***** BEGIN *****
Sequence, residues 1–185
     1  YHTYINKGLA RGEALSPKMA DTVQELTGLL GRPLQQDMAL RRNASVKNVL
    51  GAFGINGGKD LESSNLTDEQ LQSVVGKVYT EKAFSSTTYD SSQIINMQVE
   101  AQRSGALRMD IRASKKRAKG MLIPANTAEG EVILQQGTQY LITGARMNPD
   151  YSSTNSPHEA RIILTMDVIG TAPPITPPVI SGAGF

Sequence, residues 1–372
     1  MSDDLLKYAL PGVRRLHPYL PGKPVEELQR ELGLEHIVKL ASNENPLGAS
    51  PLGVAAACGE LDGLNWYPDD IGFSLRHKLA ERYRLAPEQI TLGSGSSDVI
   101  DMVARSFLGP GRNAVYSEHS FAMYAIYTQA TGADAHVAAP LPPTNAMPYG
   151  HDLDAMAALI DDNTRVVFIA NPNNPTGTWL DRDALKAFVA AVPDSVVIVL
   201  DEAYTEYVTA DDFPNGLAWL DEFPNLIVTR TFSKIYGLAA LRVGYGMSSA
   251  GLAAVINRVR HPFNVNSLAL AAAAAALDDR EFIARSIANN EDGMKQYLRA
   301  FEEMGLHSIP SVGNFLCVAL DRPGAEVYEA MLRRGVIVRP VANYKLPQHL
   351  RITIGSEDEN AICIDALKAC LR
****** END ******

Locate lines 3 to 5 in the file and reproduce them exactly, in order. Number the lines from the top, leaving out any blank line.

    51  GAFGINGGKD LESSNLTDEQ LQSVVGKVYT EKAFSSTTYD SSQIINMQVE
   101  AQRSGALRMD IRASKKRAKG MLIPANTAEG EVILQQGTQY LITGARMNPD
   151  YSSTNSPHEA RIILTMDVIG TAPPITPPVI SGAGF